The European Commission adopted a new adequacy decision regarding the EU-US Data Privacy Framework (“DPF”) on 10 July 2023. The DPF will allow the transfer of EU personal data to US companies which are certified under the DPF without any additional restrictions.
The Court of Justice of the European Union (“CJEU”) heard “Schrems I” in 2015. Max Schrems argued that Facebook’s transfer of personal data from the EU to the US violated European data protection laws because the US did not provide an adequate level of protection for personal data. The case primarily focused on the Safe Harbor framework in place at the time, which was an agreement between the EU and the US allowing the transfer of personal data. In October 2015, the CJEU invalidated the Safe Harbor Framework for not adequately protecting the privacy rights of EU citizens.
In June 2016, the US and EU agreed a replacement framework – the “EU-US Privacy Shield” which was a data protection agreement between the EU and the US, which similarly aimed to facilitate the transfer of personal data between the two regions by ensuring an adequate level of protection.
The Schrems II case followed its predecessor and was heard by the CJEU in July 2020. This case considered the EU-US Privacy Shield, The court ruled that the Privacy Shield did not offer adequate safeguards for EU citizens’ personal data due to concerns regarding US surveillance practices and the lack of effective remedies for EU individuals. This decision meant that the Privacy Shield could no longer be relied upon as a legal basis for transferring personal data from the EU to the US.
Following the invalidation of the Privacy Shield, EU personal data could only be transferred to the US if additional safeguards were in place. One of the most common mechanisms is the use of Standard Contractual Clauses (SCCs), which are detailed contractual clauses approved by the European Commission that provide data protection safeguards. The organisation exporting the data would also need to undertake a transfer risk assessment prior to the transfer of data. The process is time consuming and costly which would deter organisations from beginning the process and organisations in the EU have faced frustration in implementing transfers to the US.
The adequacy decision
The decision of the European Commission means personal data can now be transferred from the EU to US organisations that certify themselves under the DPF, provided there are no other data transfer mechanisms in place. The US Department of Commerce will process applications and monitor compliance with the privacy obligations that organisations must comply with under the DPF.
If transferring to a DPF certified organisation, the EU data exporter will no longer be required to carry out a transfer risk assessment. The adequacy decision and the DPF has quickened the process and reduced costs for the parties – there is no need to enter the SCCs with the US organisation or carry out a risk assessment, this streamlined process is undoubtedly welcomed by both EU and US organisations alike.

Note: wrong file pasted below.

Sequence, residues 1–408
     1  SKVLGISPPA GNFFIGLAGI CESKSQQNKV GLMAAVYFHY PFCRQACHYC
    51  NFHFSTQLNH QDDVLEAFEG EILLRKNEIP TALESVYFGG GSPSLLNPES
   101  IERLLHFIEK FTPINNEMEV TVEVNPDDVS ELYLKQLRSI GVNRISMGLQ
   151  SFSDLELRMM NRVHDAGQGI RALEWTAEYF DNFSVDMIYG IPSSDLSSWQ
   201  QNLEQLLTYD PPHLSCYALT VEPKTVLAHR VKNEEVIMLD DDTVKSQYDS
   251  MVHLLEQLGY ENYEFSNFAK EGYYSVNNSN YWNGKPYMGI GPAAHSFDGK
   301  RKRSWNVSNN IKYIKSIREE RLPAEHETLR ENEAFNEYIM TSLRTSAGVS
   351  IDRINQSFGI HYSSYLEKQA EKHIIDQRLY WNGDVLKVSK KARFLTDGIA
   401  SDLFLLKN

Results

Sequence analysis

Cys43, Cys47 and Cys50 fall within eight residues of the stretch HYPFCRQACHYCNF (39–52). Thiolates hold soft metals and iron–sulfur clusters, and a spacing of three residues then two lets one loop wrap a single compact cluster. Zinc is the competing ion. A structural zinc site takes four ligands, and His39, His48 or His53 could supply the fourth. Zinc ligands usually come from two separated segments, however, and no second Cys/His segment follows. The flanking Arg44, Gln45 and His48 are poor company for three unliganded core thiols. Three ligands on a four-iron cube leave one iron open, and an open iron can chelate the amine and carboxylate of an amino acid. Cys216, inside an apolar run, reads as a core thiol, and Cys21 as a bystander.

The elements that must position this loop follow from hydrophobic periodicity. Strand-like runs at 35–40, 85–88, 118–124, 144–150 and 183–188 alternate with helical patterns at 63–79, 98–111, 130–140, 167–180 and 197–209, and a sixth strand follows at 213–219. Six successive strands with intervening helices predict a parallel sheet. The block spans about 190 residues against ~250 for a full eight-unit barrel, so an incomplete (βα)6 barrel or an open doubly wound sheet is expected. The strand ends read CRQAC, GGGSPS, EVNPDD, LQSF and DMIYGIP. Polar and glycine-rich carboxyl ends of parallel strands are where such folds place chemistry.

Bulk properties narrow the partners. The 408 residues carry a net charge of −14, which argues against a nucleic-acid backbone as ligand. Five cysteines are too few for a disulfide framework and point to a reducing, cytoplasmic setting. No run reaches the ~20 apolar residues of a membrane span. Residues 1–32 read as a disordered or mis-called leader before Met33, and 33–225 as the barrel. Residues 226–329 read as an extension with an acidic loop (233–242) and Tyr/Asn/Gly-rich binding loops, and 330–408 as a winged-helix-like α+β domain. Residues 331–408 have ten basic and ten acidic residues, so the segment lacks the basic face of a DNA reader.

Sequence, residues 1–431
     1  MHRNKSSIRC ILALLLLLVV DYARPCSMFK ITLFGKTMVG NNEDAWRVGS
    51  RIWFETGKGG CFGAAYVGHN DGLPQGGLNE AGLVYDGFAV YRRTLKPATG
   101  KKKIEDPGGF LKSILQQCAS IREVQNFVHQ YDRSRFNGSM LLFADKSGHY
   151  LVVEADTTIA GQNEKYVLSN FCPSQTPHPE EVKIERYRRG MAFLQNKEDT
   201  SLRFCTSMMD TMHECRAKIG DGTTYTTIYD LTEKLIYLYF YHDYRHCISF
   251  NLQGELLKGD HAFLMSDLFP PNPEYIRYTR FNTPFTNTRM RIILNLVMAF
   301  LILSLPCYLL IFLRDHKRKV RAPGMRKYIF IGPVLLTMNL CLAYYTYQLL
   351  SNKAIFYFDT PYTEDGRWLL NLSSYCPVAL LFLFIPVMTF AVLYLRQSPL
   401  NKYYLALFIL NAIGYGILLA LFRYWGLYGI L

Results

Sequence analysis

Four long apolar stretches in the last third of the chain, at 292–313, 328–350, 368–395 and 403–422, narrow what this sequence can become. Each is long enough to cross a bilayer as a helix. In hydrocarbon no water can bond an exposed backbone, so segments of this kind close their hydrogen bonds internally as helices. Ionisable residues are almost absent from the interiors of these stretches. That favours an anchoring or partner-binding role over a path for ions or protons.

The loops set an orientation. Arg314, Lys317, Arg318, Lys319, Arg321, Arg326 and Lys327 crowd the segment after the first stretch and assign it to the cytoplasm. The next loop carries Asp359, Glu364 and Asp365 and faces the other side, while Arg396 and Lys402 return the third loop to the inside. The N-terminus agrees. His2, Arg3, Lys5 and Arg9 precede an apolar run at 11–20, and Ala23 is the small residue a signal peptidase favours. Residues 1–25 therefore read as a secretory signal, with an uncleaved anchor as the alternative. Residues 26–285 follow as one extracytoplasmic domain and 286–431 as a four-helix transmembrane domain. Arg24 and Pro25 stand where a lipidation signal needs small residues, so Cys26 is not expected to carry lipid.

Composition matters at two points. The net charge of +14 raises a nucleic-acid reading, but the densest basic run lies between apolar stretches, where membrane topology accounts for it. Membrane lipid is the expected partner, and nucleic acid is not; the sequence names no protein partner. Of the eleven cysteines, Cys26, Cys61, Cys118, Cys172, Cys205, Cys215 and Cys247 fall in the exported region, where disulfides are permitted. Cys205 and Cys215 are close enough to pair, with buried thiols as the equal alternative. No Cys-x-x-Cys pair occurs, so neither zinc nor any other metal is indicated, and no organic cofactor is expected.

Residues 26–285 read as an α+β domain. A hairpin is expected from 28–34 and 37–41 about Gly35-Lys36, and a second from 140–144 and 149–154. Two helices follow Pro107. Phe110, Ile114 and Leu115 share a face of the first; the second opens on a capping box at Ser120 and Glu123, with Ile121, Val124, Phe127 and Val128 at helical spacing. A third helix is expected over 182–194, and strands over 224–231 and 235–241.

Does this apply to the UK?
No. This agreement is between the EU and the US and the UK are not a party. Currently, UK organisations wishing to transfer personal data to the US would need to agree alternative transfer mechanisms, such as the SCCs.
However, the UK and the US have reached a commitment in principle to establish a UK extension to the DPF, which will create a ‘data bridge’ between the UK and the US. The data bridge is not currently in force, but once finalised the US companies which are certified under the DPF will be able to receive UK personal data under the new data bridge.
Finalising the data bridge was noted as a key deliverable for 2023 in the US-UK Comprehensive Dialogue on Technology and Data. The UK-US data bridge, when finalised, would constitute a UK-issued adequacy decision.
It should be noted that notwithstanding the establishment of any such data bridge, organisations will still need to have a lawful basis to transfer the personal data as well document the arrangements that they have in place with the entities in the US with whom they share their personal data (such as a data processing or data sharing agreement).
We will be closely monitoring any developments and shall provide any updates on our website in due course.
Should you have any queries regarding data protection, please contact our specialist data protection team here.
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